London: French air forces flying strike missions in Libya against Gaddafi’s loyalists are not using detailed imagery and intelligence provided by US airborne surveillance aircraft, according to statements made today by French pilots involved in those sorties.
Since the first day of NATO air strikes in Libya, French combat air crews have been struggling to positively identify ‘what or whom’ they were targeting, a serving French pilot told an audience of defense industry and military aviators attending a London conference. ‘The pilot in the kill box was entirely on his own’.
When asked why French air forces were not taking advantage of advanced manned and unmanned targeting imagery, pilots responded that it took too much time to coordinate with NATO commanders at the Combined Air Operations Center (CAOC) in northern Italy. Instead, pilots deferred to using their own reconnaissance pods. Pilots reported rejecting Predator drone images for targeting purposes, saying its imagery took too long to get cleared through the CAOC.
The French pilots also said they preferred imagery from their own pods as they had embedded kill squares on them. They would typically launch a reconnaissance plane, snap photos, identify targets and have another strike aircraft inbound to the target within five hours.
French aircrews also emphasized the constant concern of avoiding air strikes on civilians and spoke about the difficulty of positively identifying targets on the ground without the help of trained ground controllers. No NATO country has committed ground troops to the conflict.
The US Department of Defense refused to comment on the French Navy’s statement or on French air strikes in Libya.
All this stands in contrast to statements made by French Air Force General Stephane Abrial, commander of NATO’s allied command transformation: ‘We could not have performed to the same level of effectiveness [in Libya] without heavy contribution from the U.S.’ The General said this particularly applied to targeting.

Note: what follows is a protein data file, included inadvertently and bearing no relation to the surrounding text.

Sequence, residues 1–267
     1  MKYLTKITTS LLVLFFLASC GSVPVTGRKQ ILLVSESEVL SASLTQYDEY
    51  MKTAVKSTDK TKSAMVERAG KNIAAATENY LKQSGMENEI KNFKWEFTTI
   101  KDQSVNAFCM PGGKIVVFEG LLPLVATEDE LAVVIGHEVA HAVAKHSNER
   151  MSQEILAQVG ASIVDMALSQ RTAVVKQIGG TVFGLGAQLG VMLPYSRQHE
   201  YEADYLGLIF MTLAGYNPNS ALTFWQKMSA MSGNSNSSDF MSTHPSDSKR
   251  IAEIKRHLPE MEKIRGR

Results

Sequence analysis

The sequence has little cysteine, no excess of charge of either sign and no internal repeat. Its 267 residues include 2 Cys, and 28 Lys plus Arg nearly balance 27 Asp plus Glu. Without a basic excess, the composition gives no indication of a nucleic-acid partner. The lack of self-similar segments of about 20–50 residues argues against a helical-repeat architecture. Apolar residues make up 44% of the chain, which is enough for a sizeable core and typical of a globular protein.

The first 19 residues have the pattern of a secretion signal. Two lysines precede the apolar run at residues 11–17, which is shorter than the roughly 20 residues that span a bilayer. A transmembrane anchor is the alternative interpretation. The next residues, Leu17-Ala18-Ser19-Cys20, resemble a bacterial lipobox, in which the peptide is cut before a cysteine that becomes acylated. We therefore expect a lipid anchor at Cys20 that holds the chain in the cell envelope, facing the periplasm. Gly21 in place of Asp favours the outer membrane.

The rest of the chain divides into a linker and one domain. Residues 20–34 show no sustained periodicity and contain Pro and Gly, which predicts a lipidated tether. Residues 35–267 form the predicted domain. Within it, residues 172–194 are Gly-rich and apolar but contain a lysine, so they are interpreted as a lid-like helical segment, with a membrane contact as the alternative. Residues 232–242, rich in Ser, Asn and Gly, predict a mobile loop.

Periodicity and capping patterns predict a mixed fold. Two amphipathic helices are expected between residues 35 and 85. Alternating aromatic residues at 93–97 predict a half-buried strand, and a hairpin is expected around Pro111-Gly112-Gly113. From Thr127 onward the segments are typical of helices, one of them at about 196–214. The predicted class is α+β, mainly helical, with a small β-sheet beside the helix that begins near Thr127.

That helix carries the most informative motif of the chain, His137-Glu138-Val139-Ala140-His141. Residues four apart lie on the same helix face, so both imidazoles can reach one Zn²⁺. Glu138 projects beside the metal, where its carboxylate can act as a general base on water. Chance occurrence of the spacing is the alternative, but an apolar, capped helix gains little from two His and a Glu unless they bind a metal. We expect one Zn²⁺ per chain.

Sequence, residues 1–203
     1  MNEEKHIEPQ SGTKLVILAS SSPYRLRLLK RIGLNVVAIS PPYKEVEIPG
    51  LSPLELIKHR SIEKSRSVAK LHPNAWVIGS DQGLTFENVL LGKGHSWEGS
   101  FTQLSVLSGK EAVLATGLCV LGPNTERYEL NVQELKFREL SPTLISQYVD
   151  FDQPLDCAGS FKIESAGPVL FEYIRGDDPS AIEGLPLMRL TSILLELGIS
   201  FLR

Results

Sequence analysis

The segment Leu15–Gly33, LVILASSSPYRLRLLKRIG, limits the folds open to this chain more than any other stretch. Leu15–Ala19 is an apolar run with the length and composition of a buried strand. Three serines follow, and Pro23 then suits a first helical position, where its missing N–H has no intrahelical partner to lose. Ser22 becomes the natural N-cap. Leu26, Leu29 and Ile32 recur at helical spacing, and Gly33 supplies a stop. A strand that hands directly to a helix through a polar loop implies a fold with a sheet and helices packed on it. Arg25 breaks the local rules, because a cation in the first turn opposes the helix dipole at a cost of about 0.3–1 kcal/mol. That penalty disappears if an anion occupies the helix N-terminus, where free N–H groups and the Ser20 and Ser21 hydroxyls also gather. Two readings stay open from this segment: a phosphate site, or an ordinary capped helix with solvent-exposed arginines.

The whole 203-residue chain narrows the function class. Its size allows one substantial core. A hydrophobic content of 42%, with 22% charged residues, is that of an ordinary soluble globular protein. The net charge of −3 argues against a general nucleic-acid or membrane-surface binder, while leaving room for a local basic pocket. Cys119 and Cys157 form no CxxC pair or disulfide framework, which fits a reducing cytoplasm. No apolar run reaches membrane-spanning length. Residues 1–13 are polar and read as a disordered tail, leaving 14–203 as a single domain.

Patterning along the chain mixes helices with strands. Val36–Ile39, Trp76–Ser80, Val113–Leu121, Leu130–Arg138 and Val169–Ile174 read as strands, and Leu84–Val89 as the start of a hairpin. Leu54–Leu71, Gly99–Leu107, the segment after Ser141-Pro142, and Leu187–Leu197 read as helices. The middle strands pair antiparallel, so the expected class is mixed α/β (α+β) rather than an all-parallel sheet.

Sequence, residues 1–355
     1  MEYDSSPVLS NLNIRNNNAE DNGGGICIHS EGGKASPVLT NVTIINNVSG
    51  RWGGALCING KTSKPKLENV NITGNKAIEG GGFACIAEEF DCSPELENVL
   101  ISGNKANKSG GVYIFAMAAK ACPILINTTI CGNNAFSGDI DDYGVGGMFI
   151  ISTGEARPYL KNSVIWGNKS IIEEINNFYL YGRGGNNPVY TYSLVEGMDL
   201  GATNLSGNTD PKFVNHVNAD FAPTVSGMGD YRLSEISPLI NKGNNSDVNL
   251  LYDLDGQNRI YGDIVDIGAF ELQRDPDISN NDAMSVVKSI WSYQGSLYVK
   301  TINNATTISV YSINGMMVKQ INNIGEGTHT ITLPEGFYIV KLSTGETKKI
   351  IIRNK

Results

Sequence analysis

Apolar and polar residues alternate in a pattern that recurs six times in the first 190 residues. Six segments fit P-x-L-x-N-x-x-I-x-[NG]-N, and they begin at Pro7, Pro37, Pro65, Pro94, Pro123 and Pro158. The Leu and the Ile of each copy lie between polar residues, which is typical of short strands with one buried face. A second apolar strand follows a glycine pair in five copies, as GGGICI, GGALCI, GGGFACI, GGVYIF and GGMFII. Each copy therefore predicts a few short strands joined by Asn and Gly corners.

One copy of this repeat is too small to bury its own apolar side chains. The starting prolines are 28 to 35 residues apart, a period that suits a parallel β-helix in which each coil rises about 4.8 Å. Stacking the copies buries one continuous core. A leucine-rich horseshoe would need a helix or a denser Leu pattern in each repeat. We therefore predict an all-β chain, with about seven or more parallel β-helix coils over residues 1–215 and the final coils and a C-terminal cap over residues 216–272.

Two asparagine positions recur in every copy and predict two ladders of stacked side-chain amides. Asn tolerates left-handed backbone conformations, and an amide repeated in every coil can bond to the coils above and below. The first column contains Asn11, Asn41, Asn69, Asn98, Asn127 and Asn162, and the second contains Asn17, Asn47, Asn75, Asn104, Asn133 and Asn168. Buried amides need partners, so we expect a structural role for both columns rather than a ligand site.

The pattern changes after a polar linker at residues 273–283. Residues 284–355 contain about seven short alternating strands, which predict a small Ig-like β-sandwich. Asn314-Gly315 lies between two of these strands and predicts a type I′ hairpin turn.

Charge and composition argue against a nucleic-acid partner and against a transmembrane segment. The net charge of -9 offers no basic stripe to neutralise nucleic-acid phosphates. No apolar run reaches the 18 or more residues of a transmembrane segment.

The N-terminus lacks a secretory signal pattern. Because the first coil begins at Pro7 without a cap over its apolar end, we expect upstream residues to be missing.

Since March, France has led NATO partners, including the US, in the number of strike sorties since Operation Unified Protector began: 33% or 2,225 sorties by 4 August. After the initial stages of the air campaign, US forces under then Secretary of Defense Robert Gates withdrew from many strike missions to assume a support role within NATO. The Pentagon has likewise emphasised that ‘US forces are playing a constrained and supporting role in a multinational coalition’. To date, however, US expenditures on Libyan operations are expected to surmount $1bn by the end of September. France estimates its cost at 320m euros to date; UK costs are currently estimated at £260m.
Though US forces are carrying out fewer strike sorties, the expense of supporting NATO operations through surveillance and reconnaissance flights continue to escalate. Fourth-fifths of ‘intelligence and surveillance’ flights – manned or unmanned – in Libya have been flown by the US and these, along with aerial refuelling missions, have racked up some 23,500 sorties – the most of any country, including France.
These intelligence and surveillance flights have been conducted by a wide range of hi-tech American airborne technologies, including the U-2 spy plane, E-8 JSTARS, the Navy’s EP-3 and EA-18G Growler, the Air Force’s EC-130H Compass Call, as well as unmanned aerial vehicles like Reaper and Predator.
Robert Densmore is a London-based defense reporter.